This is the difference between a veteran War Master and a novice.  A novice spends his chi in buckets, using his very life force to propel his attacks at superhuman speed.  He sweeps all before him in an unconstrained orgy of violence.  One’s chi is limited, though, by its very nature.  Chi is life.  Once it’s spent, it’s gone, and it may only be recovered through rest and meditation.  Novices attack to exhaustion.  You have to carry them from the field a lot of times, usually semi-conscious.  This is why novices go out with masters, men who better understand the ways of our guild and can protect the young from their own stupidity.  By contrast, old War Masters spend their chi in drips, moving at great speed only as often as is strictly necessary to stay alive.  Since there is no obvious way to tell when a War Master is channeling his chi, the entire action may look superhuman, but as a matter of course, most of what War Masters do is simply a function of training and skill-at-arms.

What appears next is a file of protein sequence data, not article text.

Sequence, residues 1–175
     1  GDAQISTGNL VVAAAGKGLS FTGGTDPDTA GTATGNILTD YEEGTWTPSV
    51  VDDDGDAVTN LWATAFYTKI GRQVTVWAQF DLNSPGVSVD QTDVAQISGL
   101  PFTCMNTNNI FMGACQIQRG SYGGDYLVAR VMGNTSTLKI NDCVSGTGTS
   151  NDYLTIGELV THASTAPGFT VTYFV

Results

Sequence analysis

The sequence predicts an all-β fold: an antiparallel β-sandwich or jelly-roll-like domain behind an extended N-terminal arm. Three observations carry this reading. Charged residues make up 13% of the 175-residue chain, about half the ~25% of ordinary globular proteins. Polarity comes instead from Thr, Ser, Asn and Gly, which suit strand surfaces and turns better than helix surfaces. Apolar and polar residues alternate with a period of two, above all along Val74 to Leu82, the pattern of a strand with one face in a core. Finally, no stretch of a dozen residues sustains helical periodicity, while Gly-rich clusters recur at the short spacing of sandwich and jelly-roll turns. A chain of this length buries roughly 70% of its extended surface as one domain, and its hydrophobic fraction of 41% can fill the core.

Battles can last all day.  Best to be prepared and manage your resources accordingly.
I needed my chi to keep Maddox’s bolt from skewering me.  After that, I took another step back and waited, letting events unfold as they would.
The deflected bolt took one of the blue skinned space elves through the chest.  They’d been watching me talk with the voltans, so they’d not been caught unaware exactly, but they’d also not expected immediate violence.  I doubt, too, that they expected me to catch a crossbow bolt on the blade of my companion sword.  Regardless, the space elf died hacking up a puddle of his own blood, and that brought his companions to their feet with weapons drawn.  I slid away from them, but by then the voltan princeling and his mates were pulling their pikes down off the wall, and the rock dwarves were all reaching for their axes.  The bartender started shouting, but none of that mattered to me.  My bounty was Maddox, and he’d just disappeared into the bowels of The Rusty Pony.  I again grabbed my chi and used it to slip through the crowd while behind me the voltans, elves, and dwarves all crashed together in a wild, three-sided melee.  With luck, it would be a while before anyone realized I’d disappeared.